If a physician wants to send a critically ill patient's X ray over the Internet to a radiologist who specializes in cancer diagnosis, should that X ray be delayed by transmissions of data between computer game players? Who should decide who gets needed data the fastest or who should get a message delivered first when there is considerable traffic on the network? Should only people willing to pay for service- delivery agreements receive messages faster than others who do not pay or who pay less?
Whether the desired performance in delivering messages and huge data files can be provided is an issue facing people concerned about the "quality of service" (QOS) of networks. QOS is all about being able to guarantee that data will be received by a certain time, at a certain rate, or with some other desired quality. "It is analogous to next-day-air delivery by Federal Express versus delivery by U.S. mail," says Al Geist, head of the High-Performance Computing Research Section in ORNL's Computer Science and Mathematics Division (CSMD). "If your Internet file absolutely has to be there by a certain time, then you need QOS. Unfortunately, the Internet does not have any delivery guarantees, but researchers at CSMD are trying to change that."
When a data file is sent over the Internet, it is sliced into pieces, or data packets. Computers called routers direct these packets along different paths over the network. The packets are then reassembled at their destination. One problem is that with today's Internet a router is allowed to throw away data packets in response to traffic conditions and priorities assigned by the service providers. In response, the lost packet must be resent, and there is no guarantee that this packet will not also be lost. The net effect is that delivery of the complete data file can be delayed for an unknown amount of time.
A delayed response can be costly for a lot of reasons. Beyond the example of the physician and the patient's X ray, there are also examples in science. Say, for instance, a million-dollar supercomputer is waiting for the data it needs to perform certain calculations. If an unanticipated delay occurs in the transmission of the data, that million-dollar supercomputer could remain idle. A delay in relaying a complete message could also cause a chaotic response in a robot being operated remotely over a network, say, to run an experiment. "Just as a drunk driver may cause a traffic collision because of a delayed response, a robotic arm could behave wildly because of a delay in delivering the complete set of commands," says Geist.
To reduce and predict delays in data delivery, CSMD's Nageswara Rao has developed a computer program called NetLet that is currently being tested on a small subset of the Internet. "NetLet allows computers to talk with each other and determine whether a complete message got there and what the delay is in getting the dropped packet to the receiver," Rao says. "This algorithm enables the computers to measure connection speeds and the delays of alternate pathways and then identify the best combination of pathways to get the information delivered efficiently in the time or rate guaranteed."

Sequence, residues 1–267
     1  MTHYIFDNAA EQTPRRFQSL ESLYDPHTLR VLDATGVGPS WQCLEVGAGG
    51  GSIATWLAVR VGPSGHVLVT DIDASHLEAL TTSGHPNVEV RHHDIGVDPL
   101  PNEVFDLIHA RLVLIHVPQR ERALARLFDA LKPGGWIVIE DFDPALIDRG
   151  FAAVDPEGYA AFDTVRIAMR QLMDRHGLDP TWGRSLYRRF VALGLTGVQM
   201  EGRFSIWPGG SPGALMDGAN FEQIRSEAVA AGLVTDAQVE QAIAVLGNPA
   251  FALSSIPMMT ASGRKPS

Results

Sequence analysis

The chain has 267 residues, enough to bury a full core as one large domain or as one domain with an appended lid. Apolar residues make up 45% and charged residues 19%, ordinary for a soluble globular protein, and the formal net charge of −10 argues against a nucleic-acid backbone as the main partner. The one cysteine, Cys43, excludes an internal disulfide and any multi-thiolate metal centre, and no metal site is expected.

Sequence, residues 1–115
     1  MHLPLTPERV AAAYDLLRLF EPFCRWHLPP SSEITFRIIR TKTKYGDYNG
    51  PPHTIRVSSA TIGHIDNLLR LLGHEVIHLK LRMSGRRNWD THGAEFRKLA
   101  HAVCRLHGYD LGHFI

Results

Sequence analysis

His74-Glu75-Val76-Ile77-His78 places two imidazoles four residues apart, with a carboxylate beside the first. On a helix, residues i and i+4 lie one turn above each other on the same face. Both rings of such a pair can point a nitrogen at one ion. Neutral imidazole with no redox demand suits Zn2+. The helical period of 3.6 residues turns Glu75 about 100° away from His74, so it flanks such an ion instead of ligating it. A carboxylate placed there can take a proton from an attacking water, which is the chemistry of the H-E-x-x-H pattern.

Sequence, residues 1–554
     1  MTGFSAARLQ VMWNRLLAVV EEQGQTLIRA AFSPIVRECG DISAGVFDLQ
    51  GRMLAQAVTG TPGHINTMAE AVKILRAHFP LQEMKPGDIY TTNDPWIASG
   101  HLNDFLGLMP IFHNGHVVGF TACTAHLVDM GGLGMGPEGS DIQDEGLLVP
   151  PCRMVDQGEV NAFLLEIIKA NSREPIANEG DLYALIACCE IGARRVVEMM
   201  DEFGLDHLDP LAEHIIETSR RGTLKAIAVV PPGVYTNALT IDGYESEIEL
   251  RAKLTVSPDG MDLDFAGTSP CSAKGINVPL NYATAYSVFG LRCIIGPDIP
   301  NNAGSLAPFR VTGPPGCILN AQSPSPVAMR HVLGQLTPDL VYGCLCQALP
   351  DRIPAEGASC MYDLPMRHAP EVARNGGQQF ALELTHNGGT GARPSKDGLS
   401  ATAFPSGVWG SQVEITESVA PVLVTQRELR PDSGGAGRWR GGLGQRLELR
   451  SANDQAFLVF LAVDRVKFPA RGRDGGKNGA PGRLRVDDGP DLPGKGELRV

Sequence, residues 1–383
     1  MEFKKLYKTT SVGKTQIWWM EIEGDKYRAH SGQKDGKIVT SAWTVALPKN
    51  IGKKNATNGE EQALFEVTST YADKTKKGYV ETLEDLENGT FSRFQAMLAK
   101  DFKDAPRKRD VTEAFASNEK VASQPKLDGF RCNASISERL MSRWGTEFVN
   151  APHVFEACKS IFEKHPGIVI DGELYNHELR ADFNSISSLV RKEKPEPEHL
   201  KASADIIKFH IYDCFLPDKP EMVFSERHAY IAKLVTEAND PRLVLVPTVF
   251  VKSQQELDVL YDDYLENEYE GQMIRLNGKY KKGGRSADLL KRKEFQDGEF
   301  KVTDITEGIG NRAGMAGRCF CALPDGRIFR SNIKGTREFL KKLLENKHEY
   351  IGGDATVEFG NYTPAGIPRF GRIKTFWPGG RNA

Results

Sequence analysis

Demonstrations of NetLet have shown that the algorithm has improved the speed of data delivery by about 40%, without any additional support from Internet routers. "Some of our data files used to take 10 seconds to get from our computer to a destination computer," Rao says. "Those same data files can now get there in 6 seconds. That means that a huge data file that takes 10 hours to arrive at a destination computer can now get there in 6 hours."
NetLet could be useful for speeding up the delivery of large data files from neutron scattering experiments performed at the Spallation Neutron Source (SNS) when it becomes operational in 2006 at ORNL. "We need to find ways to rapidly transfer hundreds of gigabytes or terabytes of data from the SNS across the country to scientists requesting the information," Geist says. "And our climate scientists are needing this capability today."
It takes about 2 hours to send 500 megabytes of climate data (calculated results of simulations of future climate) from DOE's Center for Computational Sciences at ORNL to the National Energy Research Supercomputing Center at DOE's Lawrence Berkeley National Laboratory in California. These data files are sent across DOE's new Energy Sciences Network (ESnet), a semiprivate part of the Internet.
Today, if high-energy physicists wish to transfer hundreds of terabytes of data from DOE's Stanford Linear Accelerator Center in California to the European Laboratory for Particle Physics (CERN) near Geneva, Switzerland, they don't use ESnet, because it would take a month to transmit all the data within these huge files. Instead, they deliver the information in a week by copying it onto tapes and transporting the tapes to CERN by Federal Express. The goal is to further develop NetLet and other approaches so that huge files of data from high-energy physics facilities and the SNS can be delivered in one to two days.
If NetLet is eventually incorporated into Internet routers, more users may feel they are sending and receiving their information by express.
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Computer Science & Mathematics Division (CSMD)